- Unisync (UNI) withdraws its OCFC2 bid
- The bid was initially intended to be put in place in the months to follow
- It involved terms of five years with many renewal provisions resulting in a potential term of up to twenty years and estimated gross revenues exceeding 1 billion dollars
- The long-term fixed-fee contract that commences about two years following bid submission was deemed to be a risky financial decision
- This affected not only Unisync but also its suppliers, who tend to be smaller businesses
- Unisync (UNI) is down over 8 per cent, trading at C$2.75 at 11:59 am ET
Unisync (UNI) has reassessed the economic feasibility of a previous opportunity with the Department of National Defence.
The bid was originally intended to be put in place in the months to follow.
In addition, it involved terms of five years with many renewal provisions resulting in a potential term of up to twenty years and estimated gross revenues exceeding 1 billion dollars.
After the company assessed the risks of the situation, it decided that there would no longer be a sufficient return or invested capital and would therefore withdraw its proposal.
The said proposal was drawn up back in August of 2021.
The concept of a long-term fixed-fee contract that commences about two years following bid submission is, in itself, seemed to present itself more as a risky financial decision and less of a smart, calculated maneuver.
Many companies are feeling a current pinch due to soaring interest rates, cost of workers, transportation costs, and warehousing costs. As Unisync would be considered the ‘prime contractor,’ the company would be locked into a fixed rate management fee for the duration of the contract.
This challenge was further exacerbated due to the inclusion of value proposition commitments under the Industrial and Technological Benefits (ITB) Policy for the life of the contract and the lack of a foreign exchange adjustment provision.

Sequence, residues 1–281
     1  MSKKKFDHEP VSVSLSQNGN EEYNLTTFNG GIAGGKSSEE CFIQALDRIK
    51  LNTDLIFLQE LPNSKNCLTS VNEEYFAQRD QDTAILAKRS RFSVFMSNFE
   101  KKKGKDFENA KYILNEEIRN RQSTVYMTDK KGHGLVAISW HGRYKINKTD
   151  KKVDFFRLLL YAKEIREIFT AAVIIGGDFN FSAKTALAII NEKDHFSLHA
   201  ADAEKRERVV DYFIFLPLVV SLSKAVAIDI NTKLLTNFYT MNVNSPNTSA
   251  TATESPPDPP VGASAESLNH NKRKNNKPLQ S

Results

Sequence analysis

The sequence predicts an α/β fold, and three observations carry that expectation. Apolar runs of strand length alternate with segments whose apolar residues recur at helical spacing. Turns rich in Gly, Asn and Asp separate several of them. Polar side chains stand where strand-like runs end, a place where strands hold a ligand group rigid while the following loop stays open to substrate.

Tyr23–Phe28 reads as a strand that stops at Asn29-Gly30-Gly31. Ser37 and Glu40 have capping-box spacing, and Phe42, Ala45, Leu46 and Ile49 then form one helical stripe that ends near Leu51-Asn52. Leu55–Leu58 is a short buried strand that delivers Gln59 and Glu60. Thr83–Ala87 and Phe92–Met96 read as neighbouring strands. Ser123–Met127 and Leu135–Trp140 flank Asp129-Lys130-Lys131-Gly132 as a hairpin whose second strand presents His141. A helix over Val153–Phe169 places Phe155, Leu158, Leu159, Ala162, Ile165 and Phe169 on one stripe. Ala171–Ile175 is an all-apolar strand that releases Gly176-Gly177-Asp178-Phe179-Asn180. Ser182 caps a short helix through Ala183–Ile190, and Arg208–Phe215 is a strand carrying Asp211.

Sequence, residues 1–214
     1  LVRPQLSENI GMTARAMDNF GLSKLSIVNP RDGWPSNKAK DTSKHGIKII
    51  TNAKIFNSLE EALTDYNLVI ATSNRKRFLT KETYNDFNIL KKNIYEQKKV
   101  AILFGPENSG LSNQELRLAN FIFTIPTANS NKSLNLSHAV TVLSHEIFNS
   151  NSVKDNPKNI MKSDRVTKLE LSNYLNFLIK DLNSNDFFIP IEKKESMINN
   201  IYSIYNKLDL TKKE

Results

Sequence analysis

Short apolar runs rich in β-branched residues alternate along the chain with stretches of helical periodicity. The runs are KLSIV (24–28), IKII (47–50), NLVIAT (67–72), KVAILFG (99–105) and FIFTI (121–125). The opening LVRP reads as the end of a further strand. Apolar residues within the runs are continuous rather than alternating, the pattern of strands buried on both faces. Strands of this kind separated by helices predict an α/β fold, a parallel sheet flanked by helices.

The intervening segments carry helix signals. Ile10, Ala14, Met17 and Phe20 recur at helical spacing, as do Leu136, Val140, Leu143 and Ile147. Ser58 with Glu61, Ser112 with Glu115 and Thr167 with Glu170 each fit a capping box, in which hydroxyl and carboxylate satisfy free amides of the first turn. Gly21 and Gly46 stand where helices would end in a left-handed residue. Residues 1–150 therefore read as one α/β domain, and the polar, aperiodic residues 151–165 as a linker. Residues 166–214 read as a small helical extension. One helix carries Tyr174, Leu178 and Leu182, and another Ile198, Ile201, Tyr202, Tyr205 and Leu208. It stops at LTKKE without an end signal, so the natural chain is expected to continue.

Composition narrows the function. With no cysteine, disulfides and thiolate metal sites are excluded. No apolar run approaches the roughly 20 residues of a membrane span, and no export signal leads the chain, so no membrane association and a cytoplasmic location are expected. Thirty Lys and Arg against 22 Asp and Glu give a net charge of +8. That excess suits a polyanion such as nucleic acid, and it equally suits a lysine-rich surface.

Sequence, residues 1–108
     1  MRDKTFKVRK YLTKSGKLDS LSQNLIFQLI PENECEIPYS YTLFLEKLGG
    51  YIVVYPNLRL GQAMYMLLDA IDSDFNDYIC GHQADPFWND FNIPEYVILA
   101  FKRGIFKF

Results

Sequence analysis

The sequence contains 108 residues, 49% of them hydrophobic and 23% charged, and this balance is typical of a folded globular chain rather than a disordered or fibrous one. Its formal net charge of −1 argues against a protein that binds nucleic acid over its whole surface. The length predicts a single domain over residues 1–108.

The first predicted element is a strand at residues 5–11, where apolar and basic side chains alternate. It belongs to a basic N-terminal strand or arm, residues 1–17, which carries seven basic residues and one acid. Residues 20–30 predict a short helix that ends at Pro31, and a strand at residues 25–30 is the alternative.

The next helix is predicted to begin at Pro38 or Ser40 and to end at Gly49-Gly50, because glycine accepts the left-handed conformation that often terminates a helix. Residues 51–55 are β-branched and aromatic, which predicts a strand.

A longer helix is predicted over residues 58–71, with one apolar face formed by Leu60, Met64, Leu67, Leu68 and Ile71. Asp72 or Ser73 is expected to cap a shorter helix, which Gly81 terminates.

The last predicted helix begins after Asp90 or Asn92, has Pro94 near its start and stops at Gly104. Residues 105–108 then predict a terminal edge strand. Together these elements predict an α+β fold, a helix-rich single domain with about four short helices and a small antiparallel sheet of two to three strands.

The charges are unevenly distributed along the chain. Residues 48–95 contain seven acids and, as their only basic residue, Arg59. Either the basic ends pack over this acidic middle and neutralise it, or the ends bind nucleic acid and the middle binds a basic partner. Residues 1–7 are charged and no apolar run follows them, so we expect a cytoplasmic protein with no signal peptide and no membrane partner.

This not only affected Unisync but also its suppliers, who tend to be smaller businesses. With being locked into a firm unit price, there is no financial leeway when speaking of inflationary factors the industry is feeling.
“As a prime contractor, we felt we have a responsibility for the future viability of our suppliers and would find it counter-productive to hold small subcontractors to their pricing and supply commitments when doing so could put them out of business,” stated a representative of Unisync.
Unisync is a Canadian-owned public company committed to textile opportunities covering various departments and agencies of the Government of Canada.
Peerless Garments is a Winnipeg-based manufacturing subsidiary of Unisync that supplies clothing to the Canadian Armed Forces and will continue to do so.
In a statement from the company, they are optimistic and firm about their withdrawal, “We are confident that management, infrastructure, and capital resources previously required for the OCFC2 bid can be readily deployed to other attractive, lower risk managed workwear opportunities throughout North America.” added Unisync.
Unisync (UNI) is down over 8 per cent, trading at C$2.75 at 11:59 am ET.